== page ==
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One machine above all turned heads when it first appeared in the local arcades, you would be lucky to even get a glimpse of it. As crowds milled around to get a look in, the problem became so great that arcade owners even installed extra monitors on top of the cabinets so that addicts could view the action from further a field.

Dragons Lair

Intro Screen for Dragon's Lair

What I have just described is almost unimaginable in todays sad apologies for arcades, but back in 1983 this is just what happened when Inharmonic released the incredible Dragon’s Lair starring ‘Dirk the Daring’.

The game caused such a stir as it was the first to feature the brand new untried ‘laser disc’ technology that we had all heard so much about. Lasers definitely equaled ‘cool’ back in the 80’s.

Dirk The Daring

Our Hero 'Dirk the Daring'

The game was like appearing in your own cartoon where you controlled the main character and dictated what happened to the gameplay by your lightening quick responses to situations that you found yourself in.

The game itself was the brainchild of a certain Rick Dyer, and the animation was pure eye candy courtesy of Don Blunt FIlms. There were over 25 minutes of animation crammed into this baby allowing nearly 30 different missions to be played out. Even today the graphics are far better than those you will find on many games almost across the board in the modern era.

Beautiful Animation

An example of some of the top quality animation

If you became the the 'King' on this game arcade immortality was assured, slaying the dragon in front of dozens of peers, and on monitors up high for all to see could hardly be bettered back in the day. So, credit after credit would be pumped into the game as you strove to complete your mission.

Game play actually was very basic and very linear but I know that I didn’t care a hoot and hundreds of others seemed to agree with me at the time. The game was actually a series of memory testing screens which consisted of jump this way or jump that, and or, hit the sword button. If you could remember the scene as you encountered it and were able to move in the correct direction then progression was assured, screw it up and the all too familiar crumbling skeleton screen would appear and much ridicule would follow.

Skeleton Screen

The infamous Skeleton Screen

On your quest you would encounter beautifully animated enemies such as rabid rodents, massive marbles, black knights, swinging blades and skeleton hands. The climax was an encounter with the evil dragon itself 'Singe'. But the pain was more than worth the reward which came in the delicious figure of 'Daphne'. Daphne was blonde, wore a tiny figure hugging outfit and wanted to be saved, by you, (note to author at this point, remember this is a cartoon and calm down).


The gorgeous Daphne

Cinematronics had a massive hit on their hands and rumours abounded in the industry that this technology was the saviour that the arcade game industry had been searching for. That's because in 1983 the Video Game industry was on the verge of collapse and Dragon’s Lair was seen as a kind of saviour. But the flip side to the coin and the negatives unfortunately far out-weighed the positives.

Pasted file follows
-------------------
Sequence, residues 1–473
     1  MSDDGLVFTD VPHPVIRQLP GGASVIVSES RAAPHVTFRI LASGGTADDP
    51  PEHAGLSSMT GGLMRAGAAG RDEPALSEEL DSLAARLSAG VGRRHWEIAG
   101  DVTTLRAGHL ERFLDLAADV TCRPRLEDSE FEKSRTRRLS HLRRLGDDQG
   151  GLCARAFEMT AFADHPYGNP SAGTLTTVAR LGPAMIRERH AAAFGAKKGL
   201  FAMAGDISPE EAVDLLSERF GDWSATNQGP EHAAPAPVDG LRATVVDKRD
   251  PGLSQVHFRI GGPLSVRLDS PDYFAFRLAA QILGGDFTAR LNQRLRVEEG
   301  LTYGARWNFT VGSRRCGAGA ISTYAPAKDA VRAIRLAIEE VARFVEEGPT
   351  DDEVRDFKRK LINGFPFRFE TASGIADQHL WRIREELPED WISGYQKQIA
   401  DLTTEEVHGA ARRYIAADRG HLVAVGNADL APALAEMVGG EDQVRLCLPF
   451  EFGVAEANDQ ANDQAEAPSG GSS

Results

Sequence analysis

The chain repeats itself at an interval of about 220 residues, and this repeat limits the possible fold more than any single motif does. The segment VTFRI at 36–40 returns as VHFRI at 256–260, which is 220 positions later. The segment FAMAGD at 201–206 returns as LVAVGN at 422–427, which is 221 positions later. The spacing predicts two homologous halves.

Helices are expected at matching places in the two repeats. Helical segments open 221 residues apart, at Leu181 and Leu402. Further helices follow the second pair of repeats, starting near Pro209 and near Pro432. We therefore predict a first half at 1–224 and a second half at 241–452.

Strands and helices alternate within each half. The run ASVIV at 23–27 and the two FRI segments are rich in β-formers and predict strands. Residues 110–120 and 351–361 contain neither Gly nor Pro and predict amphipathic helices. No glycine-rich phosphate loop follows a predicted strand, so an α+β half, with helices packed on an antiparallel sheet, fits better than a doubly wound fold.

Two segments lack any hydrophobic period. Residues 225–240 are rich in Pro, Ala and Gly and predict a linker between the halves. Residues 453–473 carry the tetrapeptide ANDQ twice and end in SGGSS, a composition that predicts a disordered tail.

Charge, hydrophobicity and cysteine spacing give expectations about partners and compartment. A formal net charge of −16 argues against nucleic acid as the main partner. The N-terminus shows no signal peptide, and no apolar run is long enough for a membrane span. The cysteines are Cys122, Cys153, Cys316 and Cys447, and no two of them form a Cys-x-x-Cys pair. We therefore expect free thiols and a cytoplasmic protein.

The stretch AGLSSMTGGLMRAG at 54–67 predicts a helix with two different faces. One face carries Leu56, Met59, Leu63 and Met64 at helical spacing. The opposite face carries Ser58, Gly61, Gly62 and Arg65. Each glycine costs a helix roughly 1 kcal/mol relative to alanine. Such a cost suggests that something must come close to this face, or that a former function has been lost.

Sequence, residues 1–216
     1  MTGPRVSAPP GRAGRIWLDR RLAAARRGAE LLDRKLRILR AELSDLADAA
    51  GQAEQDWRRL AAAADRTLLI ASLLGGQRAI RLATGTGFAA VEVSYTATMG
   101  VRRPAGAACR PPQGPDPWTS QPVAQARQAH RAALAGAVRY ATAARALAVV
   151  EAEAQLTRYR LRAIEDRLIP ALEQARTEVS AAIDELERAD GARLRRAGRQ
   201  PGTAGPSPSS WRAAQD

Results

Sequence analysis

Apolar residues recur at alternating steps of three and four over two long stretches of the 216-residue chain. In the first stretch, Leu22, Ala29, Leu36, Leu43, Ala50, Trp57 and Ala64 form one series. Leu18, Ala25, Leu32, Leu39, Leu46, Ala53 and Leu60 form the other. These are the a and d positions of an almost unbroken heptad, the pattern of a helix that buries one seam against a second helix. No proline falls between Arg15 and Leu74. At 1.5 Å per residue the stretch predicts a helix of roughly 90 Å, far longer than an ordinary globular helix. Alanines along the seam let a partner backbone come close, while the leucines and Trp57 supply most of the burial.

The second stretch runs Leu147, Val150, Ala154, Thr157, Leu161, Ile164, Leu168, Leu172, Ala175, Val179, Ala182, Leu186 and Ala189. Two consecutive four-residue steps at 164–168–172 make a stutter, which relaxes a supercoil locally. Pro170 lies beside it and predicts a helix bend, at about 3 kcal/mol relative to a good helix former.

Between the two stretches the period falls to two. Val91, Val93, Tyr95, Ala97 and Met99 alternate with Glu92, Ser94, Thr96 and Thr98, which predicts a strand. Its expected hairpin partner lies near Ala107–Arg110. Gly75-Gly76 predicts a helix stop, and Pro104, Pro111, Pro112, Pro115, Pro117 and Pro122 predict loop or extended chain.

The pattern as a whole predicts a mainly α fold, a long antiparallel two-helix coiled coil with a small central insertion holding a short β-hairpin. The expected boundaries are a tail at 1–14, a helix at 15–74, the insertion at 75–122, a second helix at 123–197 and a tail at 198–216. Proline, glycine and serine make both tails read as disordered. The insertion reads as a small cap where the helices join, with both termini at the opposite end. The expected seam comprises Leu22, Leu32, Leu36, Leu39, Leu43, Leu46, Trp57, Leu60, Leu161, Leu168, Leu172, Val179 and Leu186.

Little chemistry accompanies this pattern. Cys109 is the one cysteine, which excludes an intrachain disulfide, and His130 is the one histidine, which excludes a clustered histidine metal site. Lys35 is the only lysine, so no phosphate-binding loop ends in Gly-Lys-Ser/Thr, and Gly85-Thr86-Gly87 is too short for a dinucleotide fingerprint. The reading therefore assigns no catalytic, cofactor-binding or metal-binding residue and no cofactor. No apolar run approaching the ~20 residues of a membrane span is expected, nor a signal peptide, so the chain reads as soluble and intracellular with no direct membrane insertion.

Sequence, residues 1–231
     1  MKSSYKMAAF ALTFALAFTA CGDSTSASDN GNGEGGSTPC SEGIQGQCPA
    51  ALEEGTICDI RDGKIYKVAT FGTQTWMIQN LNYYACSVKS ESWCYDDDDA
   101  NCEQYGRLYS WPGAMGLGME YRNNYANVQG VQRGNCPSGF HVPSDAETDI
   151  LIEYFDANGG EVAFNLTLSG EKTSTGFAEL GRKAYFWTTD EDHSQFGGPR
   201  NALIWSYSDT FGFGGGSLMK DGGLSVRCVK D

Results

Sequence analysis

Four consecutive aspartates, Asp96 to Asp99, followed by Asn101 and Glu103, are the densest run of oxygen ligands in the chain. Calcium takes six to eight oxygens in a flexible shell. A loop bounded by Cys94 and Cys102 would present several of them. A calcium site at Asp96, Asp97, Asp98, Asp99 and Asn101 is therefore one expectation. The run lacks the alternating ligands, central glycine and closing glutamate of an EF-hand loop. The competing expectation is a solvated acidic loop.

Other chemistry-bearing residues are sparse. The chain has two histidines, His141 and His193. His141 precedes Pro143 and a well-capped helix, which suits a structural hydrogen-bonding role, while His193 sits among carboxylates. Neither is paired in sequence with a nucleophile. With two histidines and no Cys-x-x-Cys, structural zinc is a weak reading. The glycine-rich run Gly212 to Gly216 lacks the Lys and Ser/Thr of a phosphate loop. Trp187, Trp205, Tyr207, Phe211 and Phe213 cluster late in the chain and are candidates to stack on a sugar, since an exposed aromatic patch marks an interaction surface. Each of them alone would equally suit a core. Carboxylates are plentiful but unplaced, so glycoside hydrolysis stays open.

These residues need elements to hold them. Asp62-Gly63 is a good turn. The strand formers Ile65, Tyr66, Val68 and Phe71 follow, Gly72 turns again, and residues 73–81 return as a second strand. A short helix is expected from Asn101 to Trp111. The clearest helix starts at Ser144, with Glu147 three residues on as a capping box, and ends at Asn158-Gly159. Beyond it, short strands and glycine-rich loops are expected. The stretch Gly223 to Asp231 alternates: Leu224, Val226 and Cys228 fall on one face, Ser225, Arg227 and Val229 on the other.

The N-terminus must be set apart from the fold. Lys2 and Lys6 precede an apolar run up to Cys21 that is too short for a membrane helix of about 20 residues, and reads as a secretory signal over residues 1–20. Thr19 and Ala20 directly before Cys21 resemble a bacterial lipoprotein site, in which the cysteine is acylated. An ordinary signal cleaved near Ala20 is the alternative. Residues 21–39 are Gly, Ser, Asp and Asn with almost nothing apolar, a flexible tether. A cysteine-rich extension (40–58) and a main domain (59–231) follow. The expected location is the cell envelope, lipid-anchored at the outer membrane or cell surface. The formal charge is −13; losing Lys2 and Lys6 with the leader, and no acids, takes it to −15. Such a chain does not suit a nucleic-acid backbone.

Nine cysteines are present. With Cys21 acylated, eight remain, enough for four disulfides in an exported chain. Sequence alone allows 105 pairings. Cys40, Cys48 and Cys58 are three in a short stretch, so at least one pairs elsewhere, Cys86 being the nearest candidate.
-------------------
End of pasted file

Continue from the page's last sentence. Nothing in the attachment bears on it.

Firstly the cabinet cost an eye popping $4,500 and was continually braking down as a result of the laser technology being so delicate and arcade goers being so un-delicate.

Final Encounter

The final encounter with 'Singe'

Secondly people lost interest when they had seen 'Singe' defeated and ultimately the games that followed on were not as well received within the gaming community. Games such as 'Space Ace', 'Cliffhanger' etc, thus the revenue tumbled, which (as a result), only fuelled the collapse of the arcade game industry instead of helping extinguish it as planned.

But I prefer to remember Dragon's Lair as the beautifully crafted masterpiece that injected so much excitement into the arcades back in 1983 and made you wonder what other wonders the future of gaming might hold ... ! Sadly the Nintendo Wii appears to be the only innovation around these days at least in gaming terms and so we still have to dream on.


An example of dreaming on!

Don Bluth and other animators on the project used to actually work for Disney.

It took 6 years to complete the animation for the game.

To save money the voices used for the characters in the game were actually those of the animation team.

In the end animation costs alone topped the million dollars mark.

Rumour has it that those poor sexually starved boys on the animation team had to use several Playboy magazines as a reference guide for drawing Daphne.

Early in the production run the PR-7820 laser disc player was used. The game PCB uses a Z-80 processor and will have either 4 or 5 ROMs. (info courtesy of Klov)

Nearly oh so nearly a masterpiece which in may ways was way ahead of its time but alas the technology of the time could not live up to the dreams of its creators and subsequently the game is remembered as an indulgent
and expensive semi flop which failed to save the industry.

Overall Classic Game Rating - 7.5